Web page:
Graduate Student Articles
Authors: Douglas Robert Miller (University of Wyoming) , Tonia Dousay (University of Wyoming)
Augmented reality (AR) is a tool that holds much promise in terms of its application for educational purposes. However, despite the fact that the hardware needed to access AR is becoming ubiquitous in classroom environments, AR’s use in educational settings is diffusing at a slow pace. Several challenges are present for educators interested in adopting AR in their instructional environments but they are not insurmountable. Increasing hardware availability as well as software advances are affording more instructors access to the tools needed to design, develop, and implement AR in and around their classroom. This paper first identifies a conceptual definition of AR that can be easily applied across contexts and then outlines several guidelines for instructors looking to implement AR learning experiences at a classroom level.
Keywords: Augmented Reality, Mobile Learning, Constructivism, Social Learning, Best Practices, Classroom Technology
How to Cite: Miller, D. R. & Dousay, T. (2015) “Implementing Augmented Reality in the Classroom”, Issues and Trends in Learning Technologies. 3(2). doi: https://doi.org/10.2458/azu_itet_v3i2_miller
Douglas Robert Miller, Tonia Dousay
University of Wyoming
Augmented reality (AR) describes the application of technologies to enhance a physical space or object with relevant information that is presented in a digital medium (Dunleavy, 2014; Klopfer & Sheldon, 2010). As early adopters of AR have learned more about the tools that allow this type of experience to occur, a more concrete definition of AR has begun to form. AR has been labeled an emerging technology (Dunleavy, 2014) with the implication that there are still barriers that need to be addressed before large-scale adoption will occur. AR is also being defined more broadly, however. Singh and Singh (2013) indicated that current examples of AR include mobile navigation applications and location based advertising, which are both being accomplished through available mobile technologies. This broader definition may be taken to mean that adoption of AR is well underway.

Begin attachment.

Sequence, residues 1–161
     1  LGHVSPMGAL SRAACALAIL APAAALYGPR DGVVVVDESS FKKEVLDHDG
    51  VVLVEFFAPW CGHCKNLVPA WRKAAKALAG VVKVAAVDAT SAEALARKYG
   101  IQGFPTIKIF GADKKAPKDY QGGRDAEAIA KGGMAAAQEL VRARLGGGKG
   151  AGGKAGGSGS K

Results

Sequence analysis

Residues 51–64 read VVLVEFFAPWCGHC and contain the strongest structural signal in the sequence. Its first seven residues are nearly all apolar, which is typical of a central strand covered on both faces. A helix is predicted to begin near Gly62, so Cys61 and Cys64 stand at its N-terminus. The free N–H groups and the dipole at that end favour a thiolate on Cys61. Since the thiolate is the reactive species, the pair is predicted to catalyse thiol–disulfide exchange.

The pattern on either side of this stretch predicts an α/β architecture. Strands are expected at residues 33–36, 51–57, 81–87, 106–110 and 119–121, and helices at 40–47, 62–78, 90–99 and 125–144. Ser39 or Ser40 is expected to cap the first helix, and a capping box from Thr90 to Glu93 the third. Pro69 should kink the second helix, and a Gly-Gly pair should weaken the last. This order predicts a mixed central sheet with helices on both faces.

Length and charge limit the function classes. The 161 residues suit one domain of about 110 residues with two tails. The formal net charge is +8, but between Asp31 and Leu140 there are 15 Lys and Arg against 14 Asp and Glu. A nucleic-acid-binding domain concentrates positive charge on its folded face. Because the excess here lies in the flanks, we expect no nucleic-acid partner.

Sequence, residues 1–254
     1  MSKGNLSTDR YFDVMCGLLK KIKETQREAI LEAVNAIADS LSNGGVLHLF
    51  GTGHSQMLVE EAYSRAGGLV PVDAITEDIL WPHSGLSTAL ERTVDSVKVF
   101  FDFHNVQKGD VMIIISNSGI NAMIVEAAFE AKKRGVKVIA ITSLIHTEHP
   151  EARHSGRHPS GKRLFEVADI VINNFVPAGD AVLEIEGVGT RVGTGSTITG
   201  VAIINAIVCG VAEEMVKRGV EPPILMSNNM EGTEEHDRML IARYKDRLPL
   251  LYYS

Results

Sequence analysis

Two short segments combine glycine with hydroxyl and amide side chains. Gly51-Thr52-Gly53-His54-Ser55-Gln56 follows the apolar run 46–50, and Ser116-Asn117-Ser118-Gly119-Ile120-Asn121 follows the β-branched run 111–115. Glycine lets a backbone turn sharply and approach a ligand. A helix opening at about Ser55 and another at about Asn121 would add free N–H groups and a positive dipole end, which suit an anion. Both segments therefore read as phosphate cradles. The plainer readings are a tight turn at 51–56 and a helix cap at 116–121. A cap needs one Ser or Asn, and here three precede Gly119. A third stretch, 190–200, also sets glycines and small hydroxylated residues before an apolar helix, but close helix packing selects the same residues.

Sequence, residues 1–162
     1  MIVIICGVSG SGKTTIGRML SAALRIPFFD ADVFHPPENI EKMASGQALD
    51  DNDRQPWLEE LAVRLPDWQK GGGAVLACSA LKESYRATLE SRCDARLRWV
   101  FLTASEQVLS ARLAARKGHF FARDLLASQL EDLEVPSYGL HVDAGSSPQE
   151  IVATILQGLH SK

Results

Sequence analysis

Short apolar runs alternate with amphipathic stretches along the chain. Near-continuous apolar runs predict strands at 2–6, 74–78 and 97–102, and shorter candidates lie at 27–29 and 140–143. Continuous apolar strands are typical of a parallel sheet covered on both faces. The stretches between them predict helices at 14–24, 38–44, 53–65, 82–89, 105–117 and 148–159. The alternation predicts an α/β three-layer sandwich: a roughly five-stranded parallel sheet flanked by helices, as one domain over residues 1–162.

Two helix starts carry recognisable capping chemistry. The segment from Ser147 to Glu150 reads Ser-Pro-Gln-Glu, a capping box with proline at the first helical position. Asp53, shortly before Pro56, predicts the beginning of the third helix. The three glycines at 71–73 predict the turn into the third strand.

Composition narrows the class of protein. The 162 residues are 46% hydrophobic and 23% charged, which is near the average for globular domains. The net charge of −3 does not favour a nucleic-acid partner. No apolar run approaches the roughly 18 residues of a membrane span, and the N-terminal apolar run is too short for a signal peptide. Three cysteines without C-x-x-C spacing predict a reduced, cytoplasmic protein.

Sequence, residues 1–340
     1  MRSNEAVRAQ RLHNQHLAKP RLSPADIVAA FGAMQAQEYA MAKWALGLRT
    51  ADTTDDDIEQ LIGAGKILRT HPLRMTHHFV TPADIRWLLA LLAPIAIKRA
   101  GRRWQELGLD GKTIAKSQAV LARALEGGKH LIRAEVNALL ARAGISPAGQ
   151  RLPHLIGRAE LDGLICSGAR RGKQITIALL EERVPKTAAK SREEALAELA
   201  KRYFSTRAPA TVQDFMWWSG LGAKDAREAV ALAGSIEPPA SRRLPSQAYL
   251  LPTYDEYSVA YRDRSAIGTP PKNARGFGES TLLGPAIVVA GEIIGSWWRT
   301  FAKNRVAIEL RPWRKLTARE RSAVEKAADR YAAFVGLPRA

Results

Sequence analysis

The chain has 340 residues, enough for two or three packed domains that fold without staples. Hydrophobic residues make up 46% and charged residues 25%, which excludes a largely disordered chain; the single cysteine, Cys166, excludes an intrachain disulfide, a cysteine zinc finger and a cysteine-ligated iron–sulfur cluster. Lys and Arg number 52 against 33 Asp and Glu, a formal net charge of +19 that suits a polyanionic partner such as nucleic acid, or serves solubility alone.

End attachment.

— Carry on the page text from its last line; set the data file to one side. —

The EcoMOBILE project being conducted by researchers at Harvard is an example of a more advanced application of AR in an education specific context (Dede, 2011). During implementation of the EcoMOBILE project, students equipped with Internet-connected mobile devices visit pre-determined locations around a local pond. When students arrive at any of the pre-determined locations, augmented information triggered by an image or a GPS mechanism, is presented to learners on the mobile device. The media presented is designed to enhance students' understanding of an object or occurrence that takes place at the specific location where the augmentation is triggered. Learning goals associated with the implementation of EcoMOBILE are science related and focus on improving students' understanding of ecosystems.
AR is possible due to recent technological advances, but as a learning experience, AR represents more than just the merging of hardware, software, and contextually relevant information (Holden, 2014). AR when applied to education is best defined as a concept, rather than any specific combination of technologies (Chang, Lee, Liang, & Wu, 2013). Defining AR as a concept allows for the use of a broad array of hardware, software, and design strategies (Chang et al., 2013), which can encourage the development of local, contextually relevant AR learning experiences.
It is also important to define AR in a way that allows it to be modified and adapted to fit local instructional and curricular needs (Mitchell, 2011). When considering AR in terms of its adoption as an innovation, Rogers (2003) indicates that perceived compatibility positively affects the rate of adoption. A conceptual definition of AR is inherently more compatible, because it affords curricular flexibility as well as hardware and software flexibility for instructors who wish to design/develop AR at the classroom level. Holden (2014) presents the case for locally constructed AR, stating:
By learning how to grow and sustain AR game development for use within individual communities, we may be able to reach more than enthusiasts and institutions, and greatly increase the capacity for the successful adoption of further mobile-based pedagogical interventions." (pp. 42-43).
AR has not seen widespread diffusion at the classroom level in recent years (Dede, Dunleavy, & Mitchell, 2009). It is clear, however, that the rate of mobile technology diffusion across classrooms is increasing (Annetta, Burton, Cheng, Chmiel, & Frazier, 2012). The increase in hardware availability at a classroom level, along with a broadened definition of what AR actually is, positions the concept of AR as an accessible approach for instructors to use in and around their classrooms. This paper will seek to identify guidelines for implementing a conceptual definition of AR at the classroom level.